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New research has cast doubts on whether an alternative to BPA presumed to be safe really is.  (Photo:  Waleed Alzuhair/flickr/cc)

Why That Product With the 'BPA Free' Label Could Be Cause for Concern

New study finds that chemical used as BPA replacement may be just as harmful.

Andrea Germanos

A chemical used as an alternative to Bisphenol A (BPA) may be just as harmful, according to new research.

Scientists at the University of Calgary looked at BPA and its alternative, bisphenol S (BPS), and found that both could cause alterations in brain development in zebrafish.

Zebrafish are often used by researchers studying embryonic brain development because the fish share 80 percent of the genes found in humans.

"What we show is that the zebrafish exposed to BPA or BPS were getting twice as many neurons born too soon and about half as many neurons born later, so that will lead to problems in how the neurons connect and form circuits," stated Deborah Kurrasch, lead author and researcher in the university's Cumming School of Medicine.

With this increase in neurons generated in their developing brains, the exposed fish exhibited greater hyperactivity later in life, the researchers, whose findings were published Monday in the Proceedings of the National Academy of Sciences, found.

"I was actually very surprised at our results. This was a very, very, very low dose, so I didn't think using a dose this low could have any effect," Kurrasch stated.

University of Calgary researcher and study co-author Hamid Habibi stated, "Finding the mechanism linking low doses of BPA to adverse brain development and hyperactivity is almost like finding a smoking gun.

Their findings, Kurrasch says, support getting rid of BPA and similar chemicals from consumer products, and add further evidence that pregnant women should avoid exposure to them.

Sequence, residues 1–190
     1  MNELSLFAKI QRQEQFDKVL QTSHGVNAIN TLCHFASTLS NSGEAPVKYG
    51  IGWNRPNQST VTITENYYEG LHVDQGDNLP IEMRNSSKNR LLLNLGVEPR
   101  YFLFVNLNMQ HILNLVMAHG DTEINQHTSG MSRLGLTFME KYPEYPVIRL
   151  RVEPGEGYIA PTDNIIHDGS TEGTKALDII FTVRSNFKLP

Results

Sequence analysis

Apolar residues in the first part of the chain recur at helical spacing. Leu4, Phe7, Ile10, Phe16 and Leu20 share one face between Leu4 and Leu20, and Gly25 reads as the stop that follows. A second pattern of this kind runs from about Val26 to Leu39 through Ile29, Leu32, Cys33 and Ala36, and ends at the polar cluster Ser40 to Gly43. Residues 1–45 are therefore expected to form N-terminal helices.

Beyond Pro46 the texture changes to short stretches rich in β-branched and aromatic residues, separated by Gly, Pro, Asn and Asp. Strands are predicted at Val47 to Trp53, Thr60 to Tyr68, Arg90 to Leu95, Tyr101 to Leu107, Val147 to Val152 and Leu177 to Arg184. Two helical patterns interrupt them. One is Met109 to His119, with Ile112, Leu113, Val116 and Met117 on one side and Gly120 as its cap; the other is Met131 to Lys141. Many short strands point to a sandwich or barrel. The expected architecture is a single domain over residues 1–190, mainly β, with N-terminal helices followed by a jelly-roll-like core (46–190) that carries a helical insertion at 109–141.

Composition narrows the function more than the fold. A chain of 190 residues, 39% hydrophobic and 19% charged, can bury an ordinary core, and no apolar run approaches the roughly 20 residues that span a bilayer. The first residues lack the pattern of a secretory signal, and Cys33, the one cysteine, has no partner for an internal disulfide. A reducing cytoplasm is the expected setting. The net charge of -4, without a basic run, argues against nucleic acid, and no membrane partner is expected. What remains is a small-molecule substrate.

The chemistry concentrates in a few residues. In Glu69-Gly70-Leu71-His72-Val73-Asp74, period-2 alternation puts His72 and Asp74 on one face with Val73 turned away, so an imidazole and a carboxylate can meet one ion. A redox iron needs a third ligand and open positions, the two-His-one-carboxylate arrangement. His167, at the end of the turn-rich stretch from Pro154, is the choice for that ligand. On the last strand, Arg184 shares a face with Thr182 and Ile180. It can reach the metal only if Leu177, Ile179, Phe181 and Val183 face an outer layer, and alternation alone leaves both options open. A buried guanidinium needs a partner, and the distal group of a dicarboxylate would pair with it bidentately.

But that could prove to be a difficult task. As Environmental Health News previously reported, BPS is widespread.

In the past several years, BPS has replaced BPA in the printing of thermal paper used for cash register receipts. Every thermal receipt tested in a study published last year contained BPS. [...]

Nearly everyone worldwide is exposed to BPS. Eighty-one percent of urine samples from eight different countries contained traces of it, according to a study published last year. In comparison, about 93 percent of Americans have BPA in their urine.

A study by researchers from the University of Texas published last year found that low levels of BPS were linked to the disruption of estrogen and were "cause for concern."

So why are these chemicals showing up on shelves in stores across the nation?

"A lot of the alternative chemicals have not been adequately tested because they don’t have to be," Kurrasch told the Washington Post. "A compound is considered safe (by the Food and Drug Administration) until proven otherwise."


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